Close to the Cradle
A deeply disturbed, murderous nurse threatens the fragile happiness of young parents
Violence inflicted on children: even the prospect leaves us with a sickening feeling of helplessness. We would do any thing to stop it and, as readers, we turn the pages anxiously in the hope that the unthinkable can be averted. Esther Verhoef makes clever use of this impulse in her intense thriller, which grips the reader from beginning to end.
Verhoef seamlessly interweaves the narrative strands of her tale of intrigue, placing the reader in close proximity to both crime and crime fighter. She opens with police inspector Miriam de Moor, who has just discovered that her brother’s widow has taken up residence in a luxury penthouse. Miriam’s brother died six months previously after a fall down the stairs. She suspects that his death may not have been an accident and that her former sister-in- law may somehow have been involved.
That same morning, Hennequin Smith starts work as a maternity nurse at the home of brand new parents Didi Stevens and Oscar Vos. Didi is confined to a wheelchair due to pelvic problems related to her pregnancy and the difficult birth has left her barely able to take care of her newborn child. She is almost completely dependent on Hennequin’s help.
Not only is the nurse an impostor – her qualifications are fabricated, her work experience a pack of lies – but she is also a sadist with her mind set on a single purpose: to inflict endless suffering on both mother and child. She takes subtle advantage of hard-working Oscar’s reluctance to accept his role as a father and of Didi’s distress in the face of her physical incapacity.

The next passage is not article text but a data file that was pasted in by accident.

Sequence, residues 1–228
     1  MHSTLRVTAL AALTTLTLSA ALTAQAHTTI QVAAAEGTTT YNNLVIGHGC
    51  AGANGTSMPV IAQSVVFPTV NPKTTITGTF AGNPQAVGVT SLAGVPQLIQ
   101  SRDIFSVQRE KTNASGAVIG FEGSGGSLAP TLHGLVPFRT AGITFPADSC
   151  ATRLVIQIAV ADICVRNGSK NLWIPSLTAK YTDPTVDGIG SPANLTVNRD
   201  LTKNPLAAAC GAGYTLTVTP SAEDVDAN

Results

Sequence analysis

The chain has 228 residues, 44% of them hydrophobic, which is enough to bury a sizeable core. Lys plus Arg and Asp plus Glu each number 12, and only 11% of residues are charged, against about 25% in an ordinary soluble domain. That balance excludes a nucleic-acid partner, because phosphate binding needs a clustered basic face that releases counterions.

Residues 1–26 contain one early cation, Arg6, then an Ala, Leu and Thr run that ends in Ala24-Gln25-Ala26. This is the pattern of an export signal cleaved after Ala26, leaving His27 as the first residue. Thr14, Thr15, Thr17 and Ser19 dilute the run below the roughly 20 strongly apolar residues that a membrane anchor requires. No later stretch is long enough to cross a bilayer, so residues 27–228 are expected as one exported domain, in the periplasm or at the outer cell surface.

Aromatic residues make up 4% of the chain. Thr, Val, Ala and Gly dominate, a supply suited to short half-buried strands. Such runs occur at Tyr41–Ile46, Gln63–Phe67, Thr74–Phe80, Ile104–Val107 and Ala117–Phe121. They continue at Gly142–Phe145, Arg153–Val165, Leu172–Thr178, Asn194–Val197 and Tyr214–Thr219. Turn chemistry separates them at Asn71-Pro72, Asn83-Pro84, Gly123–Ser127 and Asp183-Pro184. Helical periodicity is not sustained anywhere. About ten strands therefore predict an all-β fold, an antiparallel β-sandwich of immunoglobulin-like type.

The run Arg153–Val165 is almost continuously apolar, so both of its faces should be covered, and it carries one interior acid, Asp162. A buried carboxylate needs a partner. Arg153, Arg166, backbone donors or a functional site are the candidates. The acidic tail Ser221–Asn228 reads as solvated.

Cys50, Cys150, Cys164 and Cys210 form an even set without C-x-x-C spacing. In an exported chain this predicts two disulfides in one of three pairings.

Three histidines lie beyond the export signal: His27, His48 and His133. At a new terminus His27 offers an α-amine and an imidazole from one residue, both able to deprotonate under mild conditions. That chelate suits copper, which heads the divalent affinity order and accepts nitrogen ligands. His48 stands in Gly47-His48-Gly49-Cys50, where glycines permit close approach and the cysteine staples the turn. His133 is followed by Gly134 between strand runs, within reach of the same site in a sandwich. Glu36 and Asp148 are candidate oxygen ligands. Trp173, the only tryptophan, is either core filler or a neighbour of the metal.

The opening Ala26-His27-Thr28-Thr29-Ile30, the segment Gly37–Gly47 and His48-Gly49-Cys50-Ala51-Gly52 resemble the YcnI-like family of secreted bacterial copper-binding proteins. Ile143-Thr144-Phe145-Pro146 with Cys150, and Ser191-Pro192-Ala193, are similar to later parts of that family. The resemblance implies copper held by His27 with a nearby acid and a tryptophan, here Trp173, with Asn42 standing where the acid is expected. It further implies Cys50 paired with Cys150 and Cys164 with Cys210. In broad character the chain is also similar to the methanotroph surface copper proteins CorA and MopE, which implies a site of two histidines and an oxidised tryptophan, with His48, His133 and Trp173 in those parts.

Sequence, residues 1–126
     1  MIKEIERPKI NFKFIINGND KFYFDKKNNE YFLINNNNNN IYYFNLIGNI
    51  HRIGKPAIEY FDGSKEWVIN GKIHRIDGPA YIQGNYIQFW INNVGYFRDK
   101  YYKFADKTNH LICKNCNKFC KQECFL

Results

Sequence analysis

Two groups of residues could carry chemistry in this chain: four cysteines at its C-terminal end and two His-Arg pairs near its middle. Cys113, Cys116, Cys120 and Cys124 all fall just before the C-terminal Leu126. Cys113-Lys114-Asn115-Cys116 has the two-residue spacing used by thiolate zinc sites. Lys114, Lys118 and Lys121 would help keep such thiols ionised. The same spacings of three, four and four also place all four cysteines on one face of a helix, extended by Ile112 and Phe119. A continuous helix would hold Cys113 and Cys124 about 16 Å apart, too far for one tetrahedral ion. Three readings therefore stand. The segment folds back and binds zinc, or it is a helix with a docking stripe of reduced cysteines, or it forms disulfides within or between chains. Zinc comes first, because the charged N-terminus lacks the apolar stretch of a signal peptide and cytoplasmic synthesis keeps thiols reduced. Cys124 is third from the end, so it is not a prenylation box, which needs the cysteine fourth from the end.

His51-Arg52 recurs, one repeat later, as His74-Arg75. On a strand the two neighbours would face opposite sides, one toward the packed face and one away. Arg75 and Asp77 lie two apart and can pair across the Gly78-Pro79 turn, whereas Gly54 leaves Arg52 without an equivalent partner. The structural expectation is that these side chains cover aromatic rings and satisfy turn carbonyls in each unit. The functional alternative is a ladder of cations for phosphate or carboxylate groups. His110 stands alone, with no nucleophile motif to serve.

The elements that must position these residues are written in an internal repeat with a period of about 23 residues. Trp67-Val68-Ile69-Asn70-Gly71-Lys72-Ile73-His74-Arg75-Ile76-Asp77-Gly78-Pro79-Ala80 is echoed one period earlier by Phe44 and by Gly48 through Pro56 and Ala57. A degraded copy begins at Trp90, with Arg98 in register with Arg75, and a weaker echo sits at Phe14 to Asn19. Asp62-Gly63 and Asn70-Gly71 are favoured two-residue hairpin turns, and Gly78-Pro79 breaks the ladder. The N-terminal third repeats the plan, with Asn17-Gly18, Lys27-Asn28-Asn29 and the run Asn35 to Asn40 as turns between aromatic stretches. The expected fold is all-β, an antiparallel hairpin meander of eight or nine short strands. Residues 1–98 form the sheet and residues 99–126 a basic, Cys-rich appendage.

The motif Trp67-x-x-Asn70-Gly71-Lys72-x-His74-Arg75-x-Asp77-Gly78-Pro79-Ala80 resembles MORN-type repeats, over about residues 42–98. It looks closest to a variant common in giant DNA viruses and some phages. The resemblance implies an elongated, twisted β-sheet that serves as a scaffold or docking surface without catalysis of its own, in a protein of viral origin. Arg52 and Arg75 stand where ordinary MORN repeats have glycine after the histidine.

Miriam conducts her investigation on her own time, knowing that she faces summary dismissal if her bosses ever find out what she’s up to. Despite the risks, she vigorously pursues her inquiries and little by little begins to uncover the past that Hennequin has gone to such pains to conceal. She discovers the maternity nurse’s true identity and brings her quarry into sharper focus by questioning former teachers, guardians and institutional directors. Eventually Miriam manages to contact Hennequin’s father, who refuses point-blank to cooperate with the one-woman investigation.
In this claustrophobic thriller, Esther Verhoef demonstrates her complete mastery of the genre, steering her plot expertly towards its unexpected climax without ever giving away more than is strictly necessary.